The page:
Wednesday, May 6, 2015

Making Hay (the old way)

In this old photo you can see small square bales being hoisted up in to a hay mow. The man on the ground has the trip rope. When the hay bales are inside and close to where he wants them, he will pull his rope and drop the bales. This type of hay system was designed for loose hay and used that way from around 1890 until about 1950. In the 1950's everyone started using small square bales and found that they could continue using their "hay trolleys" to hoist those into the mow, six at a time.

(These pictures were loaned to me by a good friend named Jeff, he is one of the boys sitting on the tractor)
For years, horses pulled the hay hoist rope. In this picture a small tractor is being used. My wife remembers her grandmother driving an old pickup to pull the rope. She said that she used to ride on the tailgate much like these boys are riding along on the tractor. I had an opportunity to help a Mennonite farmer put up hay this way in the early 1980's. I know that many Amish farmers still use hay hoists to this day. Some Amish farmers still put up loose hay, including one of the families I bought draft horses from. I enjoyed watching them do things the way it was done around the turn of the last century.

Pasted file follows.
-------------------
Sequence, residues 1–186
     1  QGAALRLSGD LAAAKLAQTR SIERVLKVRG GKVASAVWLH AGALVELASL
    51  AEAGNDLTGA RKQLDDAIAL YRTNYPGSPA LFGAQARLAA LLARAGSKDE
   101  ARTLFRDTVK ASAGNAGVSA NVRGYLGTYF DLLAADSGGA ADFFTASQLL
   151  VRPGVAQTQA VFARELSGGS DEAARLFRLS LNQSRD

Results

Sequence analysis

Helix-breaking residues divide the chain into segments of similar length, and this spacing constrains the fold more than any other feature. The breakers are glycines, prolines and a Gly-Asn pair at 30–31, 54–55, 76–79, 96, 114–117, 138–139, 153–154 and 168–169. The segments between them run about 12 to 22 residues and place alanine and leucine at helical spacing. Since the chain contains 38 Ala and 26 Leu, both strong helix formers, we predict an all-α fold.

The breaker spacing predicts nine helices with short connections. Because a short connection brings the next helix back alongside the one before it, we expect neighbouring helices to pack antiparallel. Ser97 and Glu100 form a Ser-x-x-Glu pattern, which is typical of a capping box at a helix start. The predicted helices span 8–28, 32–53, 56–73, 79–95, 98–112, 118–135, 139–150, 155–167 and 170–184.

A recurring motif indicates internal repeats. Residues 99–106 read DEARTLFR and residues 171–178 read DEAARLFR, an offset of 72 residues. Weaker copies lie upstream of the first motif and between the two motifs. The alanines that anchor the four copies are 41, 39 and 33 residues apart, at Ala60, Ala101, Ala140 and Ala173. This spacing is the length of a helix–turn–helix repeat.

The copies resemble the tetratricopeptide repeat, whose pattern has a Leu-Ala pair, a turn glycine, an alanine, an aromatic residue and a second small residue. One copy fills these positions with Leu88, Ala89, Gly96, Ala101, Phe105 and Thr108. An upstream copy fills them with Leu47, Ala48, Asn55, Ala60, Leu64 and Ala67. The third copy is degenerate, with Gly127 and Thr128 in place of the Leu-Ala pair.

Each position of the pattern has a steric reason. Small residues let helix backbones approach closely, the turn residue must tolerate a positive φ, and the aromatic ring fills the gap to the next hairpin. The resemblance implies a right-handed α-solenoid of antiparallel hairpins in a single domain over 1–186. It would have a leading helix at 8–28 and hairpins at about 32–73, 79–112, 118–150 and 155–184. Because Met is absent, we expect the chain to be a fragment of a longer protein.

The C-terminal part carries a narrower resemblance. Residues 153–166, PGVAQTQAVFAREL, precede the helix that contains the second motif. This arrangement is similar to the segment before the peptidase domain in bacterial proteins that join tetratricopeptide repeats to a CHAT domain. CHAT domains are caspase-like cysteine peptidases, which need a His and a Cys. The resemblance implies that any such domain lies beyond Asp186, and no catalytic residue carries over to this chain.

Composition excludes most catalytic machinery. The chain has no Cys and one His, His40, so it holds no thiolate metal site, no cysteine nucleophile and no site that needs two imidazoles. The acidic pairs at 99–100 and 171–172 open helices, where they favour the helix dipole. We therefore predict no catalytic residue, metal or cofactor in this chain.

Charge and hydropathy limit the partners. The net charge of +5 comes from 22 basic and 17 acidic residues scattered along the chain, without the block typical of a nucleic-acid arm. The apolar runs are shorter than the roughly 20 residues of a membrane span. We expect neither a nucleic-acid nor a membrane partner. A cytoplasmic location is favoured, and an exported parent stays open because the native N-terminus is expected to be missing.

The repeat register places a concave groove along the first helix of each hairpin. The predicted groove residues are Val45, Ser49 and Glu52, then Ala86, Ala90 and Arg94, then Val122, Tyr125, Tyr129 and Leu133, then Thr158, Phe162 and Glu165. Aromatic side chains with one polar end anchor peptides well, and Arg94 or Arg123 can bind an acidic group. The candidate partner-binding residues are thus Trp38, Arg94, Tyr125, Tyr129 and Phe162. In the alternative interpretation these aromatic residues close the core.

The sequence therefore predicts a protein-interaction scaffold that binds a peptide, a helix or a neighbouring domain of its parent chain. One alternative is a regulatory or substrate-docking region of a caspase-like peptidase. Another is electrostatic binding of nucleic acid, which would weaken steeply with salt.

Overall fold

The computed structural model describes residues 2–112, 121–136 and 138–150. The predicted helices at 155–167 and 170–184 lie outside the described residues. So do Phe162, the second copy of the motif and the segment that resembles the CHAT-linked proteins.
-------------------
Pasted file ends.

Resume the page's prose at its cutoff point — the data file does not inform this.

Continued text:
We have a local resident that collects hay trolleys from all over the country. The Kalona Mennonite Historical Society held a meeting in this display barn a few weeks ago. I asked for permission to take some pictures and blog about it.
In the picture below you can see a few sets of "Iron Claw" hay forks. I still have an old set that were used on our home-place even though the big barn is gone.

There were many companies that made hay trolleys, and over the years each company made numerous models. Our local collector told us that he has over 300 distinct trolleys, and some duplicates.

I thought I would throw in this picture of me standing below a few of the old hay forks. This style was used for loose hay.

I've included a short excerpt from my novel, Under the Heavens. This is a short story that was told to me, by a good Amish friend, almost exactly as I put in in the book.

If you have a few minutes, check out this wonderful video by simply clicking on the words below.

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